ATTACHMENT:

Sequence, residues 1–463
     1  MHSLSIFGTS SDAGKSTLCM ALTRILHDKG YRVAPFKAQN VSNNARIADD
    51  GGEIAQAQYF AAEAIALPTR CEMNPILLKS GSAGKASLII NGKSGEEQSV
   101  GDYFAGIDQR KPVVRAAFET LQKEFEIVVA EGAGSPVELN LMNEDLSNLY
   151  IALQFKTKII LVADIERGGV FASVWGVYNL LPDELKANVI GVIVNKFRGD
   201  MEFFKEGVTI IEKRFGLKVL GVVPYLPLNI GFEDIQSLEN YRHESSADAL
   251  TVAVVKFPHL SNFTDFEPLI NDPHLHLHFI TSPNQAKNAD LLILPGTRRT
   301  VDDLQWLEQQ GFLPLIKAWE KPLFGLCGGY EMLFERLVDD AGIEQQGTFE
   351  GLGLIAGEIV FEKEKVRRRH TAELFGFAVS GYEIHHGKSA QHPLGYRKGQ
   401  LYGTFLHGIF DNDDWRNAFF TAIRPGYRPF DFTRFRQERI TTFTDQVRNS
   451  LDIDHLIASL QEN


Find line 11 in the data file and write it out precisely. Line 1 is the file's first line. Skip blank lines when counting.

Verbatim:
   451  LDIDHLIASL QEN